Sunday, 6 December 2009

Heroes and Heritage

With the recent announcement that actor Richard Todd had died my thoughts instantly went in two directions at once - firstly sorry that one of the great British actors of his time had passed away and secondly that another of the D Day veterans had gone.
As I think most news reports stated, Todd was very believable in his on screen military roles as he had been a fighting man himself in the Paras. His two most iconic roles are probably as Guy Gibson in "The Dam Busters" and playing the role of Major John Howard in the film "The Longest Day". The latter film saw him playing the role of his own commanding officer in an operation he took part in on the night of 6th June 1944, the capture of the bridge over the Orne Canal, one of the first actions of D Day. Amusingly, one scene shows Todd playing Howard talking to another actor playing Todd! The bridge having been successfully captured by a classic coup de main attack was later renamed Pegasus Bridge after the Airborne Division's Pegasus symbol - the bridge still exists although is now in a museum adjacent to the site and a newer though visually similar bridge has taken its place in recent years.
So Richard Todd symbolised a period in British History when Britain was undoubtedly "Great", populated by a patriotic population still hardy from the privations of the war years. Now over 60 years on, we have a new breed of actors who for the main are more celebrated for their celebrity rather than anything else and my thoughts on hearing of Todd's death perhaps tinged with nostalgia immediately thought how much the world had changed. As a nation we are possibly softer but the recent surge in support for our troops in Afghanistan and Iraq demonstrates a pleasing return to the appreciation of our military services: about time too. I know from my work that when I am promoting heritage in its broadest from that anything large or small, object or person can be an excellent representation of our collective past. Richard Todd could be classed as a heritage item while he was alive for his contribution to the silver screen as well as his contribution to the war effort. With his passing his contributions have now become historic.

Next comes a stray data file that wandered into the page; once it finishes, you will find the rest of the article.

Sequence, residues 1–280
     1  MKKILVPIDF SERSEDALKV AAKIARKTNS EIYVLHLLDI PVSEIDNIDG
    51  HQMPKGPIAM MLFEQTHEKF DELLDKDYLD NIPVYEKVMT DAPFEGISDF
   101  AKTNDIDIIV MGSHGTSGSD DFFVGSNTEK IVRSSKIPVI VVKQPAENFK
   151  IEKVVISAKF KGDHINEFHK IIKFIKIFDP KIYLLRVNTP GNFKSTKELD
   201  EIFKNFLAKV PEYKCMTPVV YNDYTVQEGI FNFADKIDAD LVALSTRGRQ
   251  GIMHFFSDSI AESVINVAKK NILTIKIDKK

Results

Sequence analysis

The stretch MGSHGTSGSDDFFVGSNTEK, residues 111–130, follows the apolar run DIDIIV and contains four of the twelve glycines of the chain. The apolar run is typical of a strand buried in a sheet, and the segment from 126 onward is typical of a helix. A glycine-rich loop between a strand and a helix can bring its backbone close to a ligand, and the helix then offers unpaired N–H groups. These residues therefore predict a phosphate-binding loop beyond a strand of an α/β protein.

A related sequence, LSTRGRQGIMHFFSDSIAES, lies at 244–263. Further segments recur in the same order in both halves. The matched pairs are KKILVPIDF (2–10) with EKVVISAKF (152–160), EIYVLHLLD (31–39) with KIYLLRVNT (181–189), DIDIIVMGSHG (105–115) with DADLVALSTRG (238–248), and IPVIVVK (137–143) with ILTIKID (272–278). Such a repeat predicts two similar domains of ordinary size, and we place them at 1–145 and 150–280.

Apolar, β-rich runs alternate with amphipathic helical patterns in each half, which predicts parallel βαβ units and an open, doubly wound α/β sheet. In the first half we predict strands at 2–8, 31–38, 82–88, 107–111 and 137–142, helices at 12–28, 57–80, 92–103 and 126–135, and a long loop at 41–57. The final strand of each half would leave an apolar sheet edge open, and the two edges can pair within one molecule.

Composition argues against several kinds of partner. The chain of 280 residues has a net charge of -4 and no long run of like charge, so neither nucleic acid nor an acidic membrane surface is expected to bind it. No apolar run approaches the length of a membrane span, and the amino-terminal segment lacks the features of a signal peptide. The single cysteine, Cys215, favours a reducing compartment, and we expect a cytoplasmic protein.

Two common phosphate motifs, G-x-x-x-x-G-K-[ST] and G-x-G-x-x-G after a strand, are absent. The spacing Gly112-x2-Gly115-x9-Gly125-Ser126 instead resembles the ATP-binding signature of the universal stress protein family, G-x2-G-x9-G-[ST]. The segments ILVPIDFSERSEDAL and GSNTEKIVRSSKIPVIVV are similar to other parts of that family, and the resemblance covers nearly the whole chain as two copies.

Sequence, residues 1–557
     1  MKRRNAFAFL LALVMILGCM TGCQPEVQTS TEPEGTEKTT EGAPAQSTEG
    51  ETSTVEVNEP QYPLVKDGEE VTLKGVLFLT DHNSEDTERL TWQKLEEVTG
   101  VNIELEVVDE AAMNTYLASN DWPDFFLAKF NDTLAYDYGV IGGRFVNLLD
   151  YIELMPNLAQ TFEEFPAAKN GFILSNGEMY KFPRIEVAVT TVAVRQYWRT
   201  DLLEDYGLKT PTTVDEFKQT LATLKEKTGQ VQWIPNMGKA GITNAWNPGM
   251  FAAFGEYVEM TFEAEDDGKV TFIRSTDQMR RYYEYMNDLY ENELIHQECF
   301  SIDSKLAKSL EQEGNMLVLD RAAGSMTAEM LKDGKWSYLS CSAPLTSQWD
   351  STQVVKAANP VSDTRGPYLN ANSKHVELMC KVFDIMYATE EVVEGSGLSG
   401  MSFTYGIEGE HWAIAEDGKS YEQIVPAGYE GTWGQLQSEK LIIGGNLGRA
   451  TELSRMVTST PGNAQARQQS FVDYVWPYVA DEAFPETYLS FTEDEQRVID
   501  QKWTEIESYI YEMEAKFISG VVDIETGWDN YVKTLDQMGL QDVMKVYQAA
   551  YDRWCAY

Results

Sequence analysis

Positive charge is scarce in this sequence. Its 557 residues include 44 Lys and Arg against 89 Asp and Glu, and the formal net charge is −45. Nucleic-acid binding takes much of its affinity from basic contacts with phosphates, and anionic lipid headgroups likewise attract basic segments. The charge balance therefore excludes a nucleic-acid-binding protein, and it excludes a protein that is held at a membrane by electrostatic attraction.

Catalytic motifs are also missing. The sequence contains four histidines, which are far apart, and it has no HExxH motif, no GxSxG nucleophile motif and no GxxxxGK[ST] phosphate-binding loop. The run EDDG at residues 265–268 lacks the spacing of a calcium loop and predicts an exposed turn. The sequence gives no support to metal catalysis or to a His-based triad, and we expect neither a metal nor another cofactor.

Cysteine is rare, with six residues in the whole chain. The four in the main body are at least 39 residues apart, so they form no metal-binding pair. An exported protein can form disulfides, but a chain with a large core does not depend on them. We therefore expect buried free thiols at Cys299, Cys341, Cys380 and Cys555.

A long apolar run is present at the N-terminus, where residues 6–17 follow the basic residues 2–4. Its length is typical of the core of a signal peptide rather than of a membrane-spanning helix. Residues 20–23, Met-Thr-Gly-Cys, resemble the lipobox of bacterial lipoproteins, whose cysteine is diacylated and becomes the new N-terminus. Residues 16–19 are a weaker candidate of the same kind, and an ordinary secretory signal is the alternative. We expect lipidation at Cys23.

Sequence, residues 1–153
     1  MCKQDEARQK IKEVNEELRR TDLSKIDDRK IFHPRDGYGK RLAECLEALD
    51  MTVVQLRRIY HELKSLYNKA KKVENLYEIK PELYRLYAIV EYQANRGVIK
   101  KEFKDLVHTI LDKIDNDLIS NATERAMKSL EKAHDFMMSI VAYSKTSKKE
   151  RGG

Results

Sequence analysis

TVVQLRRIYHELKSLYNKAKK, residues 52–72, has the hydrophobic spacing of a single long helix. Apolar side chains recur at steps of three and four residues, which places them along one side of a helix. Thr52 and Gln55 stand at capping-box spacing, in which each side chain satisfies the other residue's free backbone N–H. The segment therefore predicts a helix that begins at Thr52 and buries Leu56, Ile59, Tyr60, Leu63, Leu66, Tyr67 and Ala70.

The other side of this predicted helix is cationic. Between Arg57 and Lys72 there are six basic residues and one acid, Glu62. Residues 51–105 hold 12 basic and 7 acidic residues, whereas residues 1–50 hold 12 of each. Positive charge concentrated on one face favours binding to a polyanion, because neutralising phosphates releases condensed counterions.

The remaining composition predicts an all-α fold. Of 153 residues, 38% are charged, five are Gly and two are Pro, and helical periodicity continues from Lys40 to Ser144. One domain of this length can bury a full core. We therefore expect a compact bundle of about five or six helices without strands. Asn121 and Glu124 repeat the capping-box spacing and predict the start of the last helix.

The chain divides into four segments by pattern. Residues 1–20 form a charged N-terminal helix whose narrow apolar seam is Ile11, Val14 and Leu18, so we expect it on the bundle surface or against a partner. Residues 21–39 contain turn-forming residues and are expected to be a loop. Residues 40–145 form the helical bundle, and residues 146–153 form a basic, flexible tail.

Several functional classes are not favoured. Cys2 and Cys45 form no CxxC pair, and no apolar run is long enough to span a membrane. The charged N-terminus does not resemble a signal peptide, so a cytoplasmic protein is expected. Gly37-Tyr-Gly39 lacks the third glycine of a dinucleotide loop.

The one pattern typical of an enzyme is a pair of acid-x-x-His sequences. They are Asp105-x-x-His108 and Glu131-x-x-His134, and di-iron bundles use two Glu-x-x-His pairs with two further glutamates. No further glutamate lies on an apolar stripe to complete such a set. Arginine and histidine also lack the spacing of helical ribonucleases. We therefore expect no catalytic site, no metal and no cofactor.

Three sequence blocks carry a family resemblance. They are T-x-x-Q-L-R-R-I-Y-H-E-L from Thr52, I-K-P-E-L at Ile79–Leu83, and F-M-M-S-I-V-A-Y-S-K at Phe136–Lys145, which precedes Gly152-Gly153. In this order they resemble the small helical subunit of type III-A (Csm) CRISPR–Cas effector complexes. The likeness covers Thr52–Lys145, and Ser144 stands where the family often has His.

Luckily we can still enjoy Richard Todd's films and interviews with great fondness. However take a fresh look at what is going on today around you and see if you can spot potential future or existing heritage items. Take note and beware, as heritage can be lost so easily but just as easily be preserved. That is why I am so passionate about Copper Phoenix, promoting heritage to Entertain, Educate and Inspire: once we have lost our heritage we lose our identity, collectively and individually and what better way is there to entertain, educate and inspire us than our heroes?
Richard Todd, rest in peace but for the rest of us long live the past!
Tim Davies
Heritage to Entertain, Educate & Inspire

No comments:

Post a Comment


Marketing services

Developing strategy, practical help, training and more.



About us

Adaptable, analytical and an absolute focus on delivering your goals.



Let us help you

To find out more, please don’t hesitate to contact us.